Posted on April 16, 2020 by Sustainable Food News

U.S. organic produce sales soar 22% in March to $547 mil’

Yet, organic produce dollar and volume growth rate fell compared to Q1 2019, says Organic Produce Network report

U.S. retail sales of organic fresh produce last month jumped 22 percent to $547 million, and 26 percent by volume, as the Covid-19 pandemic spurred unprecedented consumer purchases.

That’s according to a new report on organic fresh produce sold at retail nationwide in the first quarter of 2020 prepared by Category Partners LLC for the Organic Produce Network, LLC (OPN), an online and live content programming group for the organic fresh produce industry.

According to the report, which was based on retail sales scan data from Nielsen, sales of the top 10 organic produce items accounted for 59 percent of dollars and 71 percent of volume in the first quarter.

“For organics, supermarket assortment and inventory are tighter and there are simply fewer choices,” the report said. “This means fewer ‘second choice’ organic selling opportunities for retailers and fewer alternatives for consumers if their preferred organic item had sold out.”

Overall, the dollar increase in organic fruit and vegetable sales for the first quarter was up 8 percent to $1.6 billion, as January and February sales came in at 1.8 percent.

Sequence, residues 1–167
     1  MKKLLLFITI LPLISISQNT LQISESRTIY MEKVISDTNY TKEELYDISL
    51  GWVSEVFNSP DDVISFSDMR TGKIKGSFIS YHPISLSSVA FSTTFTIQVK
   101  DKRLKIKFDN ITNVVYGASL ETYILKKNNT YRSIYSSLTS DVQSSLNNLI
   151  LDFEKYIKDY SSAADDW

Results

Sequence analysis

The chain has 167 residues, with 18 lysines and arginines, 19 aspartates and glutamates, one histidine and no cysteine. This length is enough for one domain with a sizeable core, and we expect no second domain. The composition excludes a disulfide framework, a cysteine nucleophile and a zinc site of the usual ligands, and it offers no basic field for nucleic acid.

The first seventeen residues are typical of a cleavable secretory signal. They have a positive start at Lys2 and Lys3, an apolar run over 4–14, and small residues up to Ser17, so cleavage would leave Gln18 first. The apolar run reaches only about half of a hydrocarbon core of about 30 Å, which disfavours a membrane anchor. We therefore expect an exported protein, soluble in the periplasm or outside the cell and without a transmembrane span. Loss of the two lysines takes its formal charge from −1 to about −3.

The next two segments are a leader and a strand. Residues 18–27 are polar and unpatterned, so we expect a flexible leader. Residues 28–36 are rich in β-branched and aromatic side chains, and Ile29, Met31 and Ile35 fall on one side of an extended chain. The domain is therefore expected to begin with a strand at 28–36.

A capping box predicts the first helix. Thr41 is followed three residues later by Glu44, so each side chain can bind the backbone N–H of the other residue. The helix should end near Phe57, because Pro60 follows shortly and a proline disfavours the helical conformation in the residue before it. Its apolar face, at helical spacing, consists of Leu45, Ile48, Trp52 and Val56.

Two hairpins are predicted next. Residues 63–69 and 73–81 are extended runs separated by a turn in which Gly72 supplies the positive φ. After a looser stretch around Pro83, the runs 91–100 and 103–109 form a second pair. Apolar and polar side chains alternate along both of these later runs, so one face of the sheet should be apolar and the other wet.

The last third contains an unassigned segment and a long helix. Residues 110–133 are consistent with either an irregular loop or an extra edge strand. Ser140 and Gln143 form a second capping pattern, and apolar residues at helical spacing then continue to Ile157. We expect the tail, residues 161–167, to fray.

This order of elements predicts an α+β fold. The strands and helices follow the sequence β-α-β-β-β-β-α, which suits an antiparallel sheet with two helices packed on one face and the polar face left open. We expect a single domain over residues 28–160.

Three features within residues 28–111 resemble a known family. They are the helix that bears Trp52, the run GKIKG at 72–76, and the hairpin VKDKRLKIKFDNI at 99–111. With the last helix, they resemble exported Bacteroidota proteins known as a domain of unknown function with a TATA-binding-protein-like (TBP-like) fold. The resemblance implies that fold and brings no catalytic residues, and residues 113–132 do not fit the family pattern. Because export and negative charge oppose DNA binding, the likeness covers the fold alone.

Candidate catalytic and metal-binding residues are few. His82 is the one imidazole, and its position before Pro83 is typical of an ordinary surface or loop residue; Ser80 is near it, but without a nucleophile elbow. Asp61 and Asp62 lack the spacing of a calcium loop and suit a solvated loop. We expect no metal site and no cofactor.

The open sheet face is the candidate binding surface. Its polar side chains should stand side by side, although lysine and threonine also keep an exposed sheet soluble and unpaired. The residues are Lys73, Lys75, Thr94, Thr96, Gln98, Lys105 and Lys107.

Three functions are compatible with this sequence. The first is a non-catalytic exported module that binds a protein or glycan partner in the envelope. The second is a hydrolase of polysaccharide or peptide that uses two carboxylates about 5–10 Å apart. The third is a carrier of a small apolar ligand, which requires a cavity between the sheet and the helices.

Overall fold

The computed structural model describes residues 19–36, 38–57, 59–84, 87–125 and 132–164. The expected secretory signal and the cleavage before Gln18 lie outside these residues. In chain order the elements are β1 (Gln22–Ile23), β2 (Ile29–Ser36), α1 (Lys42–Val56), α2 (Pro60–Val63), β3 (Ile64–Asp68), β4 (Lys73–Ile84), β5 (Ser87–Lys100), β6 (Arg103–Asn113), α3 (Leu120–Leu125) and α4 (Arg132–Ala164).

Overall first quarter sales by volume was up by 10 percent, while sales of conventional fruit and vegetables grew by 6.6 percent in dollars and 7.7 percent in volume.

The report also said that both dollar and volume rate of growth for organic produce fell compared to the first quarter of 2019.

Organic dollar share increased to 9.8 percent of total produce and organic volume share increased to 5.5 percent of total produce in the first quarter, the report said.


Organic packaged salads, apples and bananas generated more than 35 percent of total organic produce dollar growth in the first quarter.

Organic bananas, carrots and apples generated 44 percent of total organic volume, with bananas increasing volume growth by 20 percent.

“What we see in the Nielsen data is that organic produce at retail is concentrated within fewer categories than conventional produce, especially in the winter months when locally produced organic products are less available,” said Steve Lutz, senior vice president at Category Partners.


The report also said that first quarter organic produce sales were strongest in the western U.S. with all-commodity volume (the percentage of sales in all grocery categories generated by stores) performance 34 percent of the U.S. average.

U.S. retail sales of organic fresh produce totaled $5.8 billion in 2019, a 5.1 percent increase over 2018, when sales hit $5.6 billion, which was a 17 percent increase over 2017, when the figure hit $4.8 billion, an 8 percent increase over 2016.

Check out the report here.

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